They updated the law a few years ago and this is no longer the case. You post a 7 day notice either way.

So that is where I get to my first tip . . . Have one notice that covers both.

Our notice has the heading:


And in the body, it goes on to include both of them again in the first paragraph:

You are hereby notified, pursuant to 35 -9A-421(b) Code of Alabama that you are in noncompliance with the terms of your rental agreement for failure to pay rent and or a material breach of the lease for the premises now occupied by you, being situated at_______________________________________________________________________________________________.

My second tip is that a 7 day notice doesn’t end on the 7th day . . . it ends on the 8th. Here is the language from our eviction notice:

Your rental agreement will terminate upon the expiration of seven (7) days after the receipt or posting of this written notice, if you fail to pay or cure the material lease breach prior to the expiration of the seventh (7th) day.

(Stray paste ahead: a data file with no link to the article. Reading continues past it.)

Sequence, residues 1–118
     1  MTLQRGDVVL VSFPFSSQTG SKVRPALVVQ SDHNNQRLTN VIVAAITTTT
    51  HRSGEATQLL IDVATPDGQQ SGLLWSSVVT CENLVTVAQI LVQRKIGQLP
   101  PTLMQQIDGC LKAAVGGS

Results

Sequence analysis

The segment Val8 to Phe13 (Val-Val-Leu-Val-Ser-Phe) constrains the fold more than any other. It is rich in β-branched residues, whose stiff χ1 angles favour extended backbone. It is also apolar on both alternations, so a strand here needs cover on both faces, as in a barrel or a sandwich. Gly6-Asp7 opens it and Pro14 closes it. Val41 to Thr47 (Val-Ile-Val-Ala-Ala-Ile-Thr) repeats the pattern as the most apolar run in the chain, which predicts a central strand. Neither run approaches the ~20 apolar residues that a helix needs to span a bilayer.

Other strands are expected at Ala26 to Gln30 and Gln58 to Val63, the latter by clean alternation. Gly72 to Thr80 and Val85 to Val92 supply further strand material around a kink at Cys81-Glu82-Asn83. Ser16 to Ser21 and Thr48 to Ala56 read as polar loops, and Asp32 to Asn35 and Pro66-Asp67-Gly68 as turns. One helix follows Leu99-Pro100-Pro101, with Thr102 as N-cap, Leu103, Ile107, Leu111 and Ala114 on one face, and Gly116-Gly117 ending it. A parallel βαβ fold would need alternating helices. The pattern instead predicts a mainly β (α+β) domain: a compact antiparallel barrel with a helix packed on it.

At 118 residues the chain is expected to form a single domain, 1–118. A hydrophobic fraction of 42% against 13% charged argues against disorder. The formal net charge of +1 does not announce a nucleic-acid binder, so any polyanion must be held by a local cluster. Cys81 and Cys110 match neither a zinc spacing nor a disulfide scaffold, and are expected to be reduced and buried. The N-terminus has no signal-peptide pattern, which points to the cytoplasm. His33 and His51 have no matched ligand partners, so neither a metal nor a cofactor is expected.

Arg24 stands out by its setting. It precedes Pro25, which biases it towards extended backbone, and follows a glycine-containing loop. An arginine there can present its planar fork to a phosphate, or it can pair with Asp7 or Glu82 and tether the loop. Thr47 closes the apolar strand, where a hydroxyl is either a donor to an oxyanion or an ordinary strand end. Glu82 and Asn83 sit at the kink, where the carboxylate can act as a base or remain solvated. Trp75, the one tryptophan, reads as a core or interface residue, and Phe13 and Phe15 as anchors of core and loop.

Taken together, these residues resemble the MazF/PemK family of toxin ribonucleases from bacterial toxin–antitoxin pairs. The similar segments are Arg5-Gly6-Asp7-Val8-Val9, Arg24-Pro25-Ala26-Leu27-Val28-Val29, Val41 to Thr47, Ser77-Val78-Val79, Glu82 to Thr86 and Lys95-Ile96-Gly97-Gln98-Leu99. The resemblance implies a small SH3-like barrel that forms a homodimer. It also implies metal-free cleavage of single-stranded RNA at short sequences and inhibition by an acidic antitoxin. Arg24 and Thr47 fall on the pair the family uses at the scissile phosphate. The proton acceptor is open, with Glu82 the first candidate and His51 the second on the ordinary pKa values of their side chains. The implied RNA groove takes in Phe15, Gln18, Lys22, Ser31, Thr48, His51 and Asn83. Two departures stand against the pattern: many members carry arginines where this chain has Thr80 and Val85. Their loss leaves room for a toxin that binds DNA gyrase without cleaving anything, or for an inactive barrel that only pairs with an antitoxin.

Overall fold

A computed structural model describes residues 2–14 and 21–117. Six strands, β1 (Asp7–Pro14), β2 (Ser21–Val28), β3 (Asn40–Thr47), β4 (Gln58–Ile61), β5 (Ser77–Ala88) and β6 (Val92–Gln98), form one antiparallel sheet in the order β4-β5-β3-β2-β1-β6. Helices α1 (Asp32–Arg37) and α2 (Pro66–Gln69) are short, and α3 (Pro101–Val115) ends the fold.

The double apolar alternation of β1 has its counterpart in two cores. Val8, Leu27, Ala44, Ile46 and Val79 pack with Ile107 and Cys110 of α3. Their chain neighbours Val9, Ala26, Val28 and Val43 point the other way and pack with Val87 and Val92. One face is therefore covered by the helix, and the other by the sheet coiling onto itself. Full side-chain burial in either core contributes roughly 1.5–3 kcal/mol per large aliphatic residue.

My third tip is that you can’t terminate the lease by posting the notice. The lease doesn’t actually get terminated until after the 7th day the tenant has not “cured” the breach. Meaning, they have not fixed the problem.

Here is the next paragraph from our notice laying this out:

If the full rent is not paid or material breach cured, Demand is made upon you to deliver possession of the premises at the time of termination of your rental agreement (7 days after receipt or posting of this notice), otherwise, an eviction action will be filed against you.

Your failure to surrender possession of the premises will be deemed a willful noncompliance of the rental agreement for which the Lessor will seek a judgment for possession of the premises and all damages allowable under Alabama Law.

Additional rent charges may continue to accrue as due and owing under the terms and conditions of the rental agreement.